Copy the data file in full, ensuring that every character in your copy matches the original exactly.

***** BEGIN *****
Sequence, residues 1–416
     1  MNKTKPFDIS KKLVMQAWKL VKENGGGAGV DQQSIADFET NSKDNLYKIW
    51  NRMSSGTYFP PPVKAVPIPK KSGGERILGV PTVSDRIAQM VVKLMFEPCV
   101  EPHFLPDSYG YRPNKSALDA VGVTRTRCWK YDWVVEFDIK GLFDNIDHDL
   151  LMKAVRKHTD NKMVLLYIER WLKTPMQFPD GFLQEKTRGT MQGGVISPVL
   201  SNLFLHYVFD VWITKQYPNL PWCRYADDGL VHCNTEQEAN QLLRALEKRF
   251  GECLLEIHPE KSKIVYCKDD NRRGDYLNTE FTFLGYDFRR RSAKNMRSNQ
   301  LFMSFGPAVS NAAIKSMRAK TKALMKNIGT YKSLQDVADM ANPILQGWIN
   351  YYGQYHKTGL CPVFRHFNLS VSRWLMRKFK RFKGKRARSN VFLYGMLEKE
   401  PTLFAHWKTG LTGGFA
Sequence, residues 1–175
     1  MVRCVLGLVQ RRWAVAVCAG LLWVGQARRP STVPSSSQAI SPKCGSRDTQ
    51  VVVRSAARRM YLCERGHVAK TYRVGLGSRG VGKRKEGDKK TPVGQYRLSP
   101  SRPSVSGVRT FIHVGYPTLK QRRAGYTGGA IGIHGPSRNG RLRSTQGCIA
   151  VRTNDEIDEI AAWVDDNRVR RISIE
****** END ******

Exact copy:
Sequence, residues 1–416
     1  MNKTKPFDIS KKLVMQAWKL VKENGGGAGV DQQSIADFET NSKDNLYKIW
    51  NRMSSGTYFP PPVKAVPIPK KSGGERILGV PTVSDRIAQM VVKLMFEPCV
   101  EPHFLPDSYG YRPNKSALDA VGVTRTRCWK YDWVVEFDIK GLFDNIDHDL
   151  LMKAVRKHTD NKMVLLYIER WLKTPMQFPD GFLQEKTRGT MQGGVISPVL
   201  SNLFLHYVFD VWITKQYPNL PWCRYADDGL VHCNTEQEAN QLLRALEKRF
   251  GECLLEIHPE KSKIVYCKDD NRRGDYLNTE FTFLGYDFRR RSAKNMRSNQ
   301  LFMSFGPAVS NAAIKSMRAK TKALMKNIGT YKSLQDVADM ANPILQGWIN
   351  YYGQYHKTGL CPVFRHFNLS VSRWLMRKFK RFKGKRARSN VFLYGMLEKE
   401  PTLFAHWKTG LTGGFA
Sequence, residues 1–175
     1  MVRCVLGLVQ RRWAVAVCAG LLWVGQARRP STVPSSSQAI SPKCGSRDTQ
    51  VVVRSAARRM YLCERGHVAK TYRVGLGSRG VGKRKEGDKK TPVGQYRLSP
   101  SRPSVSGVRT FIHVGYPTLK QRRAGYTGGA IGIHGPSRNG RLRSTQGCIA
   151  VRTNDEIDEI AAWVDDNRVR RISIE